First, what do you mean by "modulate"? AM? FM? What bandwidth?
Second, you need faster op amps. The LM358 at 200 kHz is running right at the raggedy edge. And a 200 kHz high-pass with a 358 is madness. Furthermore, assuming a single-pole high-pass at 200 kHz means that you are losing 50% of your signal - check out the details of high-pass operation. Finally, if you have a high-pass at 200 kHz, why do you have a notch filter at 100 Hz? It makes no sense. The fact that your TIA never levels out at either top or bottom is proof positive that it (in combination with the photodiode) is too slow. And the asymmetric rise/fall waveforms are a strong indicator that you are saturating, probably at the zero level.
Third, I'll bet you're running the LM358 in your TIA single-supply. Don't. It doesn't work all that well at zero output. You must either a) go dual-supply, or b) run a virtual ground. Are you using photoconductive or photovoltaic mode? If the former, what is your bias supply?
Fourth, if you're running photovoltaic, this is not a good choice of sensor. It has a big area (10 x 10 mm), which is gigantic by most standards. This makes it sensitive, but it also makes it slow. The data sheet gives the 0V rise time as 2 usec. This is probably the rise time from 10% to 90% of final value. At 200 kHz, each phase is only 2.5 usec, so you can see that you are (once again) on the raggedy edge. You must go with photoconductive, and the need for a bias supply once again says you should be running dual-supply. And if you use a photoconductive mode, be aware that the diode capacitance (160 pF at 10 volts bias) means that you will need to have a decent feedback capacitor to ensure stability. And this, in turn will limit TIA bandwidth, so be careful.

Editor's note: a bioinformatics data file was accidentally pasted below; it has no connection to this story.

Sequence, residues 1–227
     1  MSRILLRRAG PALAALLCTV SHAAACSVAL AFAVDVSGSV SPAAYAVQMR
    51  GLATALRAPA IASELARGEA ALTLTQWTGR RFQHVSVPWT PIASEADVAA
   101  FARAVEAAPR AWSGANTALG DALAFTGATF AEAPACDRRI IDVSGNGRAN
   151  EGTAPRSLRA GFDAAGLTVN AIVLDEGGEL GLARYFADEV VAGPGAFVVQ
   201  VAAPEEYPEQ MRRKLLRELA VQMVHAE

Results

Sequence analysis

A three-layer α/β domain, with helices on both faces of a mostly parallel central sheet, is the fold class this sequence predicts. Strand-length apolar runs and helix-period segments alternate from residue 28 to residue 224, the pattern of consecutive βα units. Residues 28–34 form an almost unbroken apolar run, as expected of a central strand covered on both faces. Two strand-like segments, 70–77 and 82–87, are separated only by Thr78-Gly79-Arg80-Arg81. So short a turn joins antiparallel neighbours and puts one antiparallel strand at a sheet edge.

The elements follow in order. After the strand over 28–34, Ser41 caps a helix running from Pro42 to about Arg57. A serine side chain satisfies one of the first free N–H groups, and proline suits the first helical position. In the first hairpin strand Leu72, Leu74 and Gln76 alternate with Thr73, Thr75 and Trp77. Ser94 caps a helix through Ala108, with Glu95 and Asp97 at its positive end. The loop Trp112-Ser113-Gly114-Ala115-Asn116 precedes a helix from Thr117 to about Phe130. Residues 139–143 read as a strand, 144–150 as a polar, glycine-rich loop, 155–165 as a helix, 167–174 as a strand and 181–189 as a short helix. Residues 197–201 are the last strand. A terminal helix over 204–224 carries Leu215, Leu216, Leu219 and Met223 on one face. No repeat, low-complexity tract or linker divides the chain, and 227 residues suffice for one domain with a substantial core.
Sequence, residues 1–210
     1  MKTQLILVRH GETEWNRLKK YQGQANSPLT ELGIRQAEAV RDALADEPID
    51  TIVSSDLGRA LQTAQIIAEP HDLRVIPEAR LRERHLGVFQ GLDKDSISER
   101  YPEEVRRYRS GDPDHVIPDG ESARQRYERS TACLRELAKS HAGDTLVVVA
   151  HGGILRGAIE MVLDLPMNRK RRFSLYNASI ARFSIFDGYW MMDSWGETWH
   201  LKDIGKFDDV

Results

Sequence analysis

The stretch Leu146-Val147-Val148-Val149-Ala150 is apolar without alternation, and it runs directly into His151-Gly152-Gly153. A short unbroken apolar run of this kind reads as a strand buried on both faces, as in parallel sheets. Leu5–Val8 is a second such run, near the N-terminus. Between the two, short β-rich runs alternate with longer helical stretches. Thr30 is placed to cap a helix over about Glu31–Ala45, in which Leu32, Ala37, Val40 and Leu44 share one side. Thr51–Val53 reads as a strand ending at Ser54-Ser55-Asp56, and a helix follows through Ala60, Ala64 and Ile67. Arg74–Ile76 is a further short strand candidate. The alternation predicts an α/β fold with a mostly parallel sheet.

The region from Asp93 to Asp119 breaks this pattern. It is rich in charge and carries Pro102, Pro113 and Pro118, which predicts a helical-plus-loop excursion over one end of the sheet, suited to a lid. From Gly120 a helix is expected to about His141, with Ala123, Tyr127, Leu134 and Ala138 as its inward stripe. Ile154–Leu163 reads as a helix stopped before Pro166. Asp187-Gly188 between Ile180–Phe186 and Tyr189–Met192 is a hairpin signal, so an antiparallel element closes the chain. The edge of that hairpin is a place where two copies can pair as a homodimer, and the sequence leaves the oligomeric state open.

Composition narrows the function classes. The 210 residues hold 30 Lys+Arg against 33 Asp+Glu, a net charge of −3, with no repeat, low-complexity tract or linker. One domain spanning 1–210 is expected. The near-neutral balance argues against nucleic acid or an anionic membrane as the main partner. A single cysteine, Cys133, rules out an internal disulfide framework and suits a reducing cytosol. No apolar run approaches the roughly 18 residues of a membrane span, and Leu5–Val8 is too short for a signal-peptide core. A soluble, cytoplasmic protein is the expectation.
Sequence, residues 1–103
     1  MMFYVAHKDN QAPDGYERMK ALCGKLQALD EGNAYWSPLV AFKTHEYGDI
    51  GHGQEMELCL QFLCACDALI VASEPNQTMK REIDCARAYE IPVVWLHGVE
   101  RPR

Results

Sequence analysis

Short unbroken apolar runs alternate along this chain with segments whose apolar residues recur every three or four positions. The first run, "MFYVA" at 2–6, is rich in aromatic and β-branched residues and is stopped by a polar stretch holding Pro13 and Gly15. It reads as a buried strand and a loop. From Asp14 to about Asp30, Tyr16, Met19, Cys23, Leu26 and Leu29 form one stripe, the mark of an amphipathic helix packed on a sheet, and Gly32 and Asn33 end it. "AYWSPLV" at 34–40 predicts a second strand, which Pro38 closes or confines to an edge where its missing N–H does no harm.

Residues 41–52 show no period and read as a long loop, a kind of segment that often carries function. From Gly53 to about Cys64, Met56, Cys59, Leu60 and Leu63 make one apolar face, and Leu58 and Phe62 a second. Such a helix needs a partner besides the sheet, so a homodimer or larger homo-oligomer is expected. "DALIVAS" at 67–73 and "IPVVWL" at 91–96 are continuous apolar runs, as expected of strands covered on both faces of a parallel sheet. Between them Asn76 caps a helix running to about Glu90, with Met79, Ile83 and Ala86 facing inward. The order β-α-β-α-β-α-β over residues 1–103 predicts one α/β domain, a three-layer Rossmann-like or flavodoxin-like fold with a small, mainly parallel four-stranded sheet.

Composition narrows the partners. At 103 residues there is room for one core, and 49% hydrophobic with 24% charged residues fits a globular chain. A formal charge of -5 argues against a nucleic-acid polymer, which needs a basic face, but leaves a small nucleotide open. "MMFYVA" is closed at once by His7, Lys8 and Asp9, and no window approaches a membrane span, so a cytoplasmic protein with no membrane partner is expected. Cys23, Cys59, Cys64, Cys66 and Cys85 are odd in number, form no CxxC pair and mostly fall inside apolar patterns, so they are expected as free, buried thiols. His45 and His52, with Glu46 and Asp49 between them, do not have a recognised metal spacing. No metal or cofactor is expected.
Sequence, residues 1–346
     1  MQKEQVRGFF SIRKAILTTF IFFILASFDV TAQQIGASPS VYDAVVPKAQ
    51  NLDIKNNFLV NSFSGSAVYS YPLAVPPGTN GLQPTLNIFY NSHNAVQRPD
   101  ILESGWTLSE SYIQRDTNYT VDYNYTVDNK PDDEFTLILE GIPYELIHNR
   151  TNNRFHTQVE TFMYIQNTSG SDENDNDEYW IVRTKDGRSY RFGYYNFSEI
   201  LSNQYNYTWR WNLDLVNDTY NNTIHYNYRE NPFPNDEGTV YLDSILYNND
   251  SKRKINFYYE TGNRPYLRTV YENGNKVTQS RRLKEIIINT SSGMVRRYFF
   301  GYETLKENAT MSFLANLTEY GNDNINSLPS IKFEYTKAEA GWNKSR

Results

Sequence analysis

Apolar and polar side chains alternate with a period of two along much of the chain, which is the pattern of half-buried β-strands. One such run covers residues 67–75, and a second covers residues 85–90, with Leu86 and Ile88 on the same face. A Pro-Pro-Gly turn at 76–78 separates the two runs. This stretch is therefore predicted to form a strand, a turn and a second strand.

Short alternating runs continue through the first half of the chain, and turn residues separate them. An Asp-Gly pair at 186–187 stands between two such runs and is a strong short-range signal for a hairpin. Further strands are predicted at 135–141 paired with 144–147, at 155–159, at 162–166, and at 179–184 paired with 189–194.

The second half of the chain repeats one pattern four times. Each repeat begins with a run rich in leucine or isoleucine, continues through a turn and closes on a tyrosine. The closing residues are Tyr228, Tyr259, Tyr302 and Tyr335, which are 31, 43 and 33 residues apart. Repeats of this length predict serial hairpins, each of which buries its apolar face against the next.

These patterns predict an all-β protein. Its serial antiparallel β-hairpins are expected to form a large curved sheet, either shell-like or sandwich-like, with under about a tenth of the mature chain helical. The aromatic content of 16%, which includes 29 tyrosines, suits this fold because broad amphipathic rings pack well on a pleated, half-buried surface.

TL;DR - Not enough information to provide an answer, just questions. Please edit and use the schematic tool (the button with the diode and resistor), or just hit ctrl-m. Provide schematics of your circuit.
I suggest you try running your LED at 1 KHz and see what your waveforms, particularly the TIA output, look like when the op amp is operating within its proper range.